- Shipping by mail or courier from outside Canada to a consumer
in Alberta generally constitutes non-commercial importation of
tobacco. Alberta and the Canadian Border Service Agency (CBSA)
entered into an agreement effective September 1, 2003 for CBSA
to collect Alberta tobacco tax on non-commercial tobacco imports.
It is illegal to mail tobacco products within Canada.
- When tobacco sent by courier or mail to an Alberta consumer
is received in Canada, the CBSA assesses the applicable Alberta
tobacco tax. The tax will be collected from the consumer when
the tobacco is delivered to the consumer. Alberta tax will apply
to all shipments because importation of tobacco by mail or courier
does not qualify for the postal/courier Remission Order nor is
the tobacco eligible for the gift exemption.
Bringing Tobacco into Alberta
Tobacco from Outside Canada
- Alberta tobacco tax applies to tobacco imported into Alberta
by residents returning to Canada where the quantity of tobacco
being imported exceeds, or does not qualify for, the federal traveller's
customs exemption. To be eligible for the federal traveller's
exemption the consumer must have been outside Canada for forty-eight
hours or longer. The current customs exemption for tobacco is:
- 200 cigarettes,
- 200 tobacco sticks,
- 200 grams of manufactured tobacco, and
- 50 cigars or cigarillos.
- Any cigarettes, tobacco sticks or manufactured tobacco imported
into Alberta must be marked “CANADA DUTY-PAID · A DROIT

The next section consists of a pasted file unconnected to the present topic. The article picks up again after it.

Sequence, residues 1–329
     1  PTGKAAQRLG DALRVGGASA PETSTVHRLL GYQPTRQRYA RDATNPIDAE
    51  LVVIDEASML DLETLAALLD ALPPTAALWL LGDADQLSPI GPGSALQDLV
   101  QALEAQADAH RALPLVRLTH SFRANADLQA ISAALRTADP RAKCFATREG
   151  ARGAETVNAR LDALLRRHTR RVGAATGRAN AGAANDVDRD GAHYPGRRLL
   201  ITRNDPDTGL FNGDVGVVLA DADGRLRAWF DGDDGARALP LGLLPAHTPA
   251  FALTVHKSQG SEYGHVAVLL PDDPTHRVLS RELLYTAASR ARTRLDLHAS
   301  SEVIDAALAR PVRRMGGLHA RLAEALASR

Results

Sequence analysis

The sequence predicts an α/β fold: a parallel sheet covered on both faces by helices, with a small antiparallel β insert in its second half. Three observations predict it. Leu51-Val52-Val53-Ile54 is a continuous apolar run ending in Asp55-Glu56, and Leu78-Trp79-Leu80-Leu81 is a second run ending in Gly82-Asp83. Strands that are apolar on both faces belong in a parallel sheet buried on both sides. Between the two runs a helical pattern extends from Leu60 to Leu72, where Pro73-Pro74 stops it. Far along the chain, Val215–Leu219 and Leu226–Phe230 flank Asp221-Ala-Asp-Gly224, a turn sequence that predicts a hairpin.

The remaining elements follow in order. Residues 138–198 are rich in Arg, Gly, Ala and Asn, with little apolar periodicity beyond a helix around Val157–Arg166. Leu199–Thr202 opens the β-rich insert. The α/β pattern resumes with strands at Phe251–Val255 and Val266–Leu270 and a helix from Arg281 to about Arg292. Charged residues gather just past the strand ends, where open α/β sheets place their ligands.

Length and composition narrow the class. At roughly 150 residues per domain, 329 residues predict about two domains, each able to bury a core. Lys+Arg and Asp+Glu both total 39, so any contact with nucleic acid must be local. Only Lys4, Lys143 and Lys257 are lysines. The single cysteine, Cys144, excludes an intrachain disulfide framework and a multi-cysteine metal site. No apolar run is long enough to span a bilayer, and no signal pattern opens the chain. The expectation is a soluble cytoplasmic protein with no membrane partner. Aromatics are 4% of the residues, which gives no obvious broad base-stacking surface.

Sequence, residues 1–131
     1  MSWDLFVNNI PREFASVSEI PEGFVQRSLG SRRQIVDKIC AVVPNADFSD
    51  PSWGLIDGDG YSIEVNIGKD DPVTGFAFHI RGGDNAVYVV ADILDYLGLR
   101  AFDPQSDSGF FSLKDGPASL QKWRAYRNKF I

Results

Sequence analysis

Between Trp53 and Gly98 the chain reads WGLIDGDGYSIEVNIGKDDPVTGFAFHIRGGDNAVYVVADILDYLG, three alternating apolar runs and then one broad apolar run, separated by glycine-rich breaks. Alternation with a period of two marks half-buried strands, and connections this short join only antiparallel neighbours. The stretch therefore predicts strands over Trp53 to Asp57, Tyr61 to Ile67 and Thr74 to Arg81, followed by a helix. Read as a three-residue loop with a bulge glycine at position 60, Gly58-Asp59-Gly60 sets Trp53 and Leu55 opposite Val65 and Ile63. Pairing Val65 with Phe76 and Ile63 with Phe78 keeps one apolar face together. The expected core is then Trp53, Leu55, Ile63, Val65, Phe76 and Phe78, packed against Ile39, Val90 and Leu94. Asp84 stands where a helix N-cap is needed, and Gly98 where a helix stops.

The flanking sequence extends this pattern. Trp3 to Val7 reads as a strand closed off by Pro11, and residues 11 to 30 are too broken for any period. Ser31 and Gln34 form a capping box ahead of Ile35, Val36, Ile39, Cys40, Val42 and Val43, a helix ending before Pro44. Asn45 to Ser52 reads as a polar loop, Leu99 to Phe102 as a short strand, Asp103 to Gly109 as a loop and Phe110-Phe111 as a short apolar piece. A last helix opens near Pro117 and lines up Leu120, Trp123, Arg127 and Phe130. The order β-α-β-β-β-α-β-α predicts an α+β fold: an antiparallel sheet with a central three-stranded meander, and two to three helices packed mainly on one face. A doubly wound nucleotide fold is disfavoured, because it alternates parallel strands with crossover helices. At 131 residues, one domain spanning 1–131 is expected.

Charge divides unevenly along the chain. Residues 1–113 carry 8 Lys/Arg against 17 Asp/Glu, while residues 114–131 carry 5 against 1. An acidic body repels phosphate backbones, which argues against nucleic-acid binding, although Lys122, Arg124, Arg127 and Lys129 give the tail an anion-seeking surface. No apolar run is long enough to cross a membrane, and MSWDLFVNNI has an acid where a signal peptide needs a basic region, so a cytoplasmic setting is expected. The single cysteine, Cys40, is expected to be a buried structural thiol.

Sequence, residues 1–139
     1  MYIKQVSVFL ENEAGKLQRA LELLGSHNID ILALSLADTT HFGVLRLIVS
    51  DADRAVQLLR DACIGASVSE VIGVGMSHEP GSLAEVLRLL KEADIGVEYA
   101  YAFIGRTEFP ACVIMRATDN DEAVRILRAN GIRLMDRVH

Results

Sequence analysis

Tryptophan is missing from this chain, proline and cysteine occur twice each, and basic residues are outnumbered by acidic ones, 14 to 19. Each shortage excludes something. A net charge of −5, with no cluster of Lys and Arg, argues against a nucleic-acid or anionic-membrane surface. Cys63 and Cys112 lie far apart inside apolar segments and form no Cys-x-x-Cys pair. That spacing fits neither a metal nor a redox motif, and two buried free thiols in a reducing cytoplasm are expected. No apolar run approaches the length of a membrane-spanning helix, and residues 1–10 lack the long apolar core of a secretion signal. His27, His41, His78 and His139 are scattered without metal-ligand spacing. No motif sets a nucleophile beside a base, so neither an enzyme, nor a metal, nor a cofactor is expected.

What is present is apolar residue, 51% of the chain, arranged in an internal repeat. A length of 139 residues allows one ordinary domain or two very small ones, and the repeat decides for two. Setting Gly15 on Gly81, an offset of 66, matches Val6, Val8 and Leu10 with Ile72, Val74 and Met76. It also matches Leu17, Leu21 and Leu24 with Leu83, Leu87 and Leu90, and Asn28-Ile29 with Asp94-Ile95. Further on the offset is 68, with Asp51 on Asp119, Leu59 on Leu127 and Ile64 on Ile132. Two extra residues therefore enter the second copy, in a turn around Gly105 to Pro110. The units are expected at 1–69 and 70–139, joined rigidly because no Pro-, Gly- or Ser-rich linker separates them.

ACQUITTE”. If the products do not bear this marking they are not
eligible for the exemption and will be taxed.
Tobacco from Other Provinces or Territories
- Consumers returning to Alberta with tobacco purchased in another
province or territory are required to report the importation and
pay Alberta tobacco tax to TRA within 10 days, unless the consumer
has been out of Alberta for a period of forty-eight hours or more,
in which case the federal exemption limits may apply, as discussed
above. No exemption is available unless the cigarettes, tobacco
sticks or manufactured tobacco are stamped or marked federally
- The return for reporting importation of tobacco from other provinces
or territories (form AT208) is available on the Tobacco Tax Forms page.
Limits - Tobacco Not Alberta-marked
- Under the Act consumers are limited to the amount of tobacco
not marked for tax paid sale in Alberta that they can possess.
The limit is:
unless the consumer provides evidence that Alberta tax has been
paid on the tobacco, or the consumer is an eligible Indian.
- 200 cigarettes,
- 200 tobacco sticks, or
- 200 grams of manufactured tobacco
- Consumers should retain the receipt, issued by the CBSA, showing
they have paid Alberta tobacco tax on the tobacco imported, or
retain a copy of the return filed with TRA reporting the tobacco
tax paid when the tobacco was brought into Alberta from another
province or territory. The receipt or copy of the return will
be proof that the tax on the tobacco in their possession has been
- Indians who possess tobacco not marked for tax paid sale in
Alberta should retain the voucher issued under the Alberta Indian
Tax Exemption program as proof of their eligibility to possess.